Given the FARC’s roots in the Colombian Communist Party and given that party’s adherence to the Soviet line for many years, and given especially the harsh reality of constant warfare and the authoritarian structures war necessitates, it is not possible to know what the FARC would do if it won power in Colombia (either alone or in alliance with other revolutionary groups). However, the magnitude of the U.S. government’s support for the Colombian government and military, known officially as “Plan Colombia” and embracing an expensive low intensity and very dirty and ugly war against the guerillas, tells us that the FARC is a genuine threat to capitalism in an important country in South America. If the FARC were just a front for the production and distribution of drugs, the U.S. response would not be of the same magnitude. The war against drugs in Colombia is really just a cover for something far more significant. Latin America is in turmoil and anti-capitalist sentiments are rapidly gaining adherents—in Venezuela, Ecuador, Argentina, Brazil, and most other nations. A victory for revolutionary forces is Colombia is viewed as a disaster for corporate capitalism. Such a victory might well occur if the FARC were facing only the Colombian government. But the involvement of the world’s hegemonic power makes this less likely or at least very much more difficult.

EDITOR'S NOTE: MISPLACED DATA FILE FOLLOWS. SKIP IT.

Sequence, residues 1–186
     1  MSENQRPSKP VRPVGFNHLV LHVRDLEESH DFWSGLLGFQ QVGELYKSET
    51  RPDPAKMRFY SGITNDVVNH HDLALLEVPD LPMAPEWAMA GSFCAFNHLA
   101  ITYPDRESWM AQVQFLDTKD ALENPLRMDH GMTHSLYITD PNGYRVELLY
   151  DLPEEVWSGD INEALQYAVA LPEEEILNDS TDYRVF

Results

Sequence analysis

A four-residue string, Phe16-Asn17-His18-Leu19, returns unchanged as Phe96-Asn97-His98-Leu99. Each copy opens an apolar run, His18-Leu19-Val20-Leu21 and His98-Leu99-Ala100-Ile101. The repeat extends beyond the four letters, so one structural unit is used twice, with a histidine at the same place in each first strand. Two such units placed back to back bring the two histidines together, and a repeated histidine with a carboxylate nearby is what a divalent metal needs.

The situation in Nepal is quite different than that in Colombia. While Nepal became a sovereign nation in 1816, it was dependent for well over a century on Great Britain and, since Indian independence, on its large bordering neighbor. In 1846, the Kot massacre, in which many feudal nobles were murdered, established a single family, the Ranas, as the nation’s de facto rulers. The official head of state was the king. Because the British were unable to subdue the Nepalese militarily, they settled for behind the scenes influence through the Ranas. The Ranas supplied the British with its famous Gurkha fighters, and the British allowed the country to exist in relative isolation from big power politics. After the Indians won independence, the Nepalese king reasserted royal authority. The Nepalese kings were then able to maintain the nation’s independence by plaing China and India off against one another. India, however, has never been satisfied with this independence and has used its greater wealth and military power to continuously exert influence in Nepal. India’s aim is to annex Nepal as it did Sikkim, or at least make it accept Indian troops as is the case in neighboring Bhutan.